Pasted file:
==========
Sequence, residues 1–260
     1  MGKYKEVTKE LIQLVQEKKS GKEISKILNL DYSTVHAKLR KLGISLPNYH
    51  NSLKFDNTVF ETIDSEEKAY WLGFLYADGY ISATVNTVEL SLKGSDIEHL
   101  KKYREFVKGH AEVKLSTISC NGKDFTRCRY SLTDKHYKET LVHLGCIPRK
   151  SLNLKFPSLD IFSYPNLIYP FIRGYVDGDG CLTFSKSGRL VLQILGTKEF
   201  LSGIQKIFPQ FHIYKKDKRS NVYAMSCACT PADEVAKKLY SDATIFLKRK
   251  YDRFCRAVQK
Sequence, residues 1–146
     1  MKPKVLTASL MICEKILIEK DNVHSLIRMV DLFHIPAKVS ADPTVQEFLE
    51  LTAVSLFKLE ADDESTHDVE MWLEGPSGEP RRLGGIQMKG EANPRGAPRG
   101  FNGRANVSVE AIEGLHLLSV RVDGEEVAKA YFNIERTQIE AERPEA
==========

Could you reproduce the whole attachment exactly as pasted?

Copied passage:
Sequence, residues 1–260
     1  MGKYKEVTKE LIQLVQEKKS GKEISKILNL DYSTVHAKLR KLGISLPNYH
    51  NSLKFDNTVF ETIDSEEKAY WLGFLYADGY ISATVNTVEL SLKGSDIEHL
   101  KKYREFVKGH AEVKLSTISC NGKDFTRCRY SLTDKHYKET LVHLGCIPRK
   151  SLNLKFPSLD IFSYPNLIYP FIRGYVDGDG CLTFSKSGRL VLQILGTKEF
   201  LSGIQKIFPQ FHIYKKDKRS NVYAMSCACT PADEVAKKLY SDATIFLKRK
   251  YDRFCRAVQK
Sequence, residues 1–146
     1  MKPKVLTASL MICEKILIEK DNVHSLIRMV DLFHIPAKVS ADPTVQEFLE
    51  LTAVSLFKLE ADDESTHDVE MWLEGPSGEP RRLGGIQMKG EANPRGAPRG
   101  FNGRANVSVE AIEGLHLLSV RVDGEEVAKA YFNIERTQIE AERPEA